# not on the errback chain.
    def test_two_deferreds(self):
        # check_error_fail asserts that we are on the callback chain.        
        return two_deferreds().addErrback(self.check_error_fail)
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1 Answer

up vote 13 down vote accepted

There are two important things about trial related to this question.

First, a test method will not pass if a Failure is logged while it is running. Deferreds which are garbage collected with a Failure result cause the Failure to be logged.

Second, a test method which returns a Deferred will not pass if the Deferred fires with a Failure.

This means that neither of these tests can pass:

def test_logit(self):
    defer.fail(Exception("oh no"))

def test_returnit(self):
    return defer.fail(Exception("oh no"))

This is important because the first case, the case of a Deferred being garbage collected with a Failure result, means that an error happened that no one handled. It's sort of similar to the way Python will report a stack trace if an exception reaches the top level of your program.

Likewise, the second case is a safety net provided by trial. If a synchronous test method raises an exception, the test doesn't pass. So if a trial test method returns a Deferred, the Deferred must have a success result for the test to pass.

There are tools for dealing with each of these cases though. After all, if you couldn't have a passing test for an API that returned a Deferred that fired with a Failure sometimes, then you could never test your error code. That would be a pretty sad situation. :)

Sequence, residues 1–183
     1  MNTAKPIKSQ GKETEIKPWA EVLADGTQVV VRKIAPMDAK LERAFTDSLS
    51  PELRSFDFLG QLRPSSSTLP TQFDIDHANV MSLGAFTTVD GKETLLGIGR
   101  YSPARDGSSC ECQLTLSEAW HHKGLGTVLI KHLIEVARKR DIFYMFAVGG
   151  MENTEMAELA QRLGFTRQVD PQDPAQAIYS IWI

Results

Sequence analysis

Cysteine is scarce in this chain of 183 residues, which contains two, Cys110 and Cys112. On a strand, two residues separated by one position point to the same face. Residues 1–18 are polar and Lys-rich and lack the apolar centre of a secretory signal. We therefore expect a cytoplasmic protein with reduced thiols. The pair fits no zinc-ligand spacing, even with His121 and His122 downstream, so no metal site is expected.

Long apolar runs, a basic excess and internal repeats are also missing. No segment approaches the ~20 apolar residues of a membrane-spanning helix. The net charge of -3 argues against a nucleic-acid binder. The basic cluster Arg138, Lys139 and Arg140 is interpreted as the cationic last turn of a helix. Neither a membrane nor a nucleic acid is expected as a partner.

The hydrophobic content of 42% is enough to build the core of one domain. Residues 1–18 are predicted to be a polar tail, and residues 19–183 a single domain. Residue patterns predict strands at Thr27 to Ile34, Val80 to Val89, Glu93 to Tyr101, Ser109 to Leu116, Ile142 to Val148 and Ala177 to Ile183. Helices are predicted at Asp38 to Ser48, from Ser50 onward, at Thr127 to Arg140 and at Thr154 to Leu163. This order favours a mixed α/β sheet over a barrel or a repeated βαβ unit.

So, the more useful of the two tools for dealing with this is TestCase.assertFailure. This is a helper for tests that want to return a Deferred that's going to fire with a Failure:

def test_returnit(self):
    d = defer.fail(ValueError("6 is a bad value"))
    return self.assertFailure(d, ValueError)

This test will pass because d does fire with a Failure wrapping a ValueError. If d had fired with a success result or with a Failure wrapping some other exception type, then the test would still fail.

Next, there's TestCase.flushLoggedErrors. This is for when you're testing an API that's supposed to log an error. After all, sometimes you do want to inform an administrator that there's a problem.

def test_logit(self):
    defer.fail(ValueError("6 is a bad value"))
    gc.collect()
    self.assertEquals(self.flushLoggedErrors(ValueError), 1)

This lets you inspect the failures which got logged to make sure your logging code is working properly. It also tells trial not to worry about the things you flushed, so they'll no longer cause the test to fail. (The gc.collect() call is there because the error isn't logged until the Deferred is garbage collected. On CPython, it'll be garbage collected right away due to the reference counting GC behavior. However, on Jython or PyPy or any other Python runtime without reference counting, you can't rely on that.)

Also, since garbage collection can happen at pretty much any time, you might sometimes find that one of your tests fails because an error is logged by a Deferred created by an earlier test being garbage collected during the execution of the later test. This pretty much always means your error handling code is incomplete in some way - you're missing an errback, or you failed to chain two Deferreds together somewhere, or you're letting your test method finish before the task it started actually finishes - but the way the error is reported sometimes makes it hard to track down the offending code. Trial's --force-gc option can help with this. It causes trial to invoke the garbage collector between each test method. This will slow down your tests significantly, but it should cause the error to be logged against the test which is actually triggering it, not an arbitrary later test.

share|improve this answer
    
Great answer, but you might also want to mention --force-gc. –  Glyph Jul 16 '10 at 3:06
    
Good call, added. –  Jean-Paul Calderone Jul 16 '10 at 18:03